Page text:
THOSE VOLUNTEERS WHO FIGHT WILDFIRES

This article by Johan du Preez appeared in the Eikestadnuus newspaper. Photo credit: Andrew Hagen (www.andrewhagen.co.za).

It’s a Saturday afternoon. While others are enjoying the sunny weekend weather at leisure, the standby crew members at the Jonkershoek station near Stellenbosch of the Volunteer Wildfire Services are going through drills checking their gear in the event of a fire call-out.

These dedicated volunteers give their time to safeguard what is important to them against fire – the sensitive biodiversity of the Western Cape.

There is no standard answer to the question why they’ve joined the Volunteer Wildfire Services. “I always wanted to become a fire fighter. This gives me the opportunity to do so,” someone answers. “I heard from friends about their experiences and decided to join,” someone else adds. “It’s about passion, discipline, training, being with like-minded people, even about the adrenaline rush,” comes an impromptu summary from crew leader Peter Wynne.

Broadly spoken, uncontrolled fire can be divided into two groups – structural fires and fires in nature. Whereas municipal fire services mostly attend to structural fires in buildings, Volunteer Wildfire Services’ role is that of wildfire suppression. They operate in bigger Cape Town from their Newlands, Jonkershoek and South Peninsula stations. Working closely with other emergency services in managing fire on land under the control of CapeNature, SANParks and others, Volunteer Wildfire Services has, to date, achieved over 49,000 active firefighting hours between its members.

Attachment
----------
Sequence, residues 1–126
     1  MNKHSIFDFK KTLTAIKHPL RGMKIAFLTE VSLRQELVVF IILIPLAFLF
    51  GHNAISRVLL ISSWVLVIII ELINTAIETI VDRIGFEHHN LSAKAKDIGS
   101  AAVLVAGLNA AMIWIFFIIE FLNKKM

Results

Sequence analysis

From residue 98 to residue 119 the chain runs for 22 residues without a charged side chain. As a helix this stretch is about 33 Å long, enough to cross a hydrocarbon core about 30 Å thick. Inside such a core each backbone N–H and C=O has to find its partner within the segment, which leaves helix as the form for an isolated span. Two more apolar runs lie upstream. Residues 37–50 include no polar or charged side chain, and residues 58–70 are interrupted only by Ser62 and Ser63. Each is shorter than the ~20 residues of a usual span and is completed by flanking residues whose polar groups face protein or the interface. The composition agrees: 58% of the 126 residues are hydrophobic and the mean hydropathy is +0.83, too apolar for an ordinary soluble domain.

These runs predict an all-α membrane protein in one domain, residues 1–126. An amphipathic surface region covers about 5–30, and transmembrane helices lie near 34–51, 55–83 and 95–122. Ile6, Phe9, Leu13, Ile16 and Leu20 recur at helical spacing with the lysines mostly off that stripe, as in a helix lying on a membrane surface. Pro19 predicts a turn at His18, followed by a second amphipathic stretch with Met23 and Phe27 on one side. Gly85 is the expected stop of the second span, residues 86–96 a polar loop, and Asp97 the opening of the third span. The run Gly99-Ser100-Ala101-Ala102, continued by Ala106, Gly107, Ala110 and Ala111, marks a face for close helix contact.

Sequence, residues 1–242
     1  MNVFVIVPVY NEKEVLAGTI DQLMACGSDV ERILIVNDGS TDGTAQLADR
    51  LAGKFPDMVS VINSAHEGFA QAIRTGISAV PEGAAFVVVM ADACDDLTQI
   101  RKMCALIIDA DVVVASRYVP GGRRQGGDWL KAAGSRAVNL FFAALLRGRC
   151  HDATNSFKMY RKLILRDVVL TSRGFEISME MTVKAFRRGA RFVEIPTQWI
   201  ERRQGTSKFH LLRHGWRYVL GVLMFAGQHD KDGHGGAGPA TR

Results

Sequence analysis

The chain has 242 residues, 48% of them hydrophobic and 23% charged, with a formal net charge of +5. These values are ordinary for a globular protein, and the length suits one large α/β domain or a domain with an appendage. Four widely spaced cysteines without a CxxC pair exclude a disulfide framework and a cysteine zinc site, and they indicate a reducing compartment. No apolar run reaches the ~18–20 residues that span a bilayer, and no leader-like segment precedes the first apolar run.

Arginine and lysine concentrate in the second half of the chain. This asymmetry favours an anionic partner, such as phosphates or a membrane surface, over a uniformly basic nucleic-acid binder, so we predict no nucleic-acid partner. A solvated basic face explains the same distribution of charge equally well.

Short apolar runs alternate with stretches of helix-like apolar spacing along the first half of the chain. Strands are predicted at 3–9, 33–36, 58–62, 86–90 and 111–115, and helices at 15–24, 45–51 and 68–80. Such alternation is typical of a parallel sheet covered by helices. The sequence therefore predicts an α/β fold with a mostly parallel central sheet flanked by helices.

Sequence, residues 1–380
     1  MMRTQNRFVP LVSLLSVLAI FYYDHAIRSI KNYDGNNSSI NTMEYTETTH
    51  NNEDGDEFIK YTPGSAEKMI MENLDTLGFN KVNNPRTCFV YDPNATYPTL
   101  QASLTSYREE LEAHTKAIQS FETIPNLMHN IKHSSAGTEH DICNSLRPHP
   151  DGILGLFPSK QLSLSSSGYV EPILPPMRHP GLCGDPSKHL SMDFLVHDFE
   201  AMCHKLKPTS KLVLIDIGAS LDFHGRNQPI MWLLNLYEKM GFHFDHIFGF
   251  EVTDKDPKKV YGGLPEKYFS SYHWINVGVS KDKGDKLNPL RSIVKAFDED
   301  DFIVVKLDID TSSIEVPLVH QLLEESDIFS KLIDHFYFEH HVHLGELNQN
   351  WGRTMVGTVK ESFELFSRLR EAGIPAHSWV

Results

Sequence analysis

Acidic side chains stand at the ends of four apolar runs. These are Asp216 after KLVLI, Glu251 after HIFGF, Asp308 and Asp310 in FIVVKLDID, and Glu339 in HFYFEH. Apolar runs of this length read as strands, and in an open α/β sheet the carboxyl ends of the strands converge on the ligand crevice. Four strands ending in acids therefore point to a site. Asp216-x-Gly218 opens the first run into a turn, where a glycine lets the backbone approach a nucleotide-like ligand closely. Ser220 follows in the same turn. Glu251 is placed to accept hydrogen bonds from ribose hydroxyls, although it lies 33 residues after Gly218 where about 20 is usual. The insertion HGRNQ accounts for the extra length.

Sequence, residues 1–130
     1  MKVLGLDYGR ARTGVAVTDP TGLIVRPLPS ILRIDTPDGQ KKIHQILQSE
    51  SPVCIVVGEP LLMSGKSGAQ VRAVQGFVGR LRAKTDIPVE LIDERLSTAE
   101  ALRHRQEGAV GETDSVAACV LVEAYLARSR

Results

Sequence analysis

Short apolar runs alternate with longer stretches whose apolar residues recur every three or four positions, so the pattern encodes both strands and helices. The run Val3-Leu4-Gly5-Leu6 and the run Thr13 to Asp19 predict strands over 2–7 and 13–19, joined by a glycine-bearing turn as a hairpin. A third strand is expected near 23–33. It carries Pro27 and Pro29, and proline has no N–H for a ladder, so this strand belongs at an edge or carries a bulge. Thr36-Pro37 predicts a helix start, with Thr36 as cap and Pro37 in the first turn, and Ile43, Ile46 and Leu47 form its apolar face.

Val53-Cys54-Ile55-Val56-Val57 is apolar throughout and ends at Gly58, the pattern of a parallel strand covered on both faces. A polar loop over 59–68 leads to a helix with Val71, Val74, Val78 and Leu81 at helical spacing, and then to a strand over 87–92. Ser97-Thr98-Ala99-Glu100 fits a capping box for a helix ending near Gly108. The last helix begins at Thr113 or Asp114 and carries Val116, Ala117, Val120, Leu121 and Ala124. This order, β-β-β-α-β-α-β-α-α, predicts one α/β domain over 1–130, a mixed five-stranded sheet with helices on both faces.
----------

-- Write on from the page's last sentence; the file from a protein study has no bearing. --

According to Wynne each fire is different. “Only with training, discipline and teamwork can we take on the challenges that wildfires bring,” he says. “Our training includes, amongst others, wildfire suppression, firefighting equipment, map work, radios, 4 x 4 driving skills, rope work and first aid.

Asked about the public’s opinion on the firefighter’s role after the fires earlier in 2015 that ravaged parts of the Cape Peninsula and Boland, Wynne is adamant that they are not heroes as portrayed in the media. “There are no heroes on the fire line,” he says in a modest way. “We’re only doing what we believe in. And we do it as a team.”

But in my mind those who give their time to serve others, are already heroes. And, if the voluntary work that they do means risking their own lives in order to protect the lives of others, then it certainly is even more valid.

Click here http://bit.ly/1Pt26ol to read the article on the Eikestadnuus website.